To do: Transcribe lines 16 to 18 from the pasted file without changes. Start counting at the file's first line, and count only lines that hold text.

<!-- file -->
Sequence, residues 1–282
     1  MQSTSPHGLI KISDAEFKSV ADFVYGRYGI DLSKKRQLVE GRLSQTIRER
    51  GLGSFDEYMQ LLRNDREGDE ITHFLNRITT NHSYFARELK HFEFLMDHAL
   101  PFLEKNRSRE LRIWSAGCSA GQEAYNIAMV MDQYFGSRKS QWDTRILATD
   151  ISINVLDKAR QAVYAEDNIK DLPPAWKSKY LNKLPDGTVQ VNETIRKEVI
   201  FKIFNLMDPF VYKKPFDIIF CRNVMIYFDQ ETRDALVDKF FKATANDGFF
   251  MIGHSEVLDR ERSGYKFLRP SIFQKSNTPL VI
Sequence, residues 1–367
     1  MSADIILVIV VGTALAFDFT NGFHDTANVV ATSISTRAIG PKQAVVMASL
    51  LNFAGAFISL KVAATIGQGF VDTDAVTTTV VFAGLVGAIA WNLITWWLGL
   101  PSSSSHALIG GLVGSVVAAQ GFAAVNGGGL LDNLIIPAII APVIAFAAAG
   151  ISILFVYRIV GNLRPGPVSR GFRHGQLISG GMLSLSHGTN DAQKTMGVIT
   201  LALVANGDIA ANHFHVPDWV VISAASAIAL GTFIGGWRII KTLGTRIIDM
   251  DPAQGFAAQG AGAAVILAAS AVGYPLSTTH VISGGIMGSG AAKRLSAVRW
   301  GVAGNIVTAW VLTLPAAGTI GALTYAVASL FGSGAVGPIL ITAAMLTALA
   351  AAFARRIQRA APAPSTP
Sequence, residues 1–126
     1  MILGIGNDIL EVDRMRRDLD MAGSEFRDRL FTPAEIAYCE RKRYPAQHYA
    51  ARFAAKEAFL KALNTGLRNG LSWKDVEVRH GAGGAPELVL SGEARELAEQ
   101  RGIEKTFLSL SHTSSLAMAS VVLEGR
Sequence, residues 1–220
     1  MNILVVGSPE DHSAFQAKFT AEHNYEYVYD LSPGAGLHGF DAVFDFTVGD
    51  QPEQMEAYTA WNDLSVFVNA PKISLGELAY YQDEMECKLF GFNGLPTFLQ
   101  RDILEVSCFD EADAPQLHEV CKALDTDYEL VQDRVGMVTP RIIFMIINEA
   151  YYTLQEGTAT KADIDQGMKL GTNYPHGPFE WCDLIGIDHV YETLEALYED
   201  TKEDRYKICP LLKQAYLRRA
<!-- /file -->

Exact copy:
   351  AAFARRIQRA APAPSTP
Sequence, residues 1–126
     1  MILGIGNDIL EVDRMRRDLD MAGSEFRDRL FTPAEIAYCE RKRYPAQHYA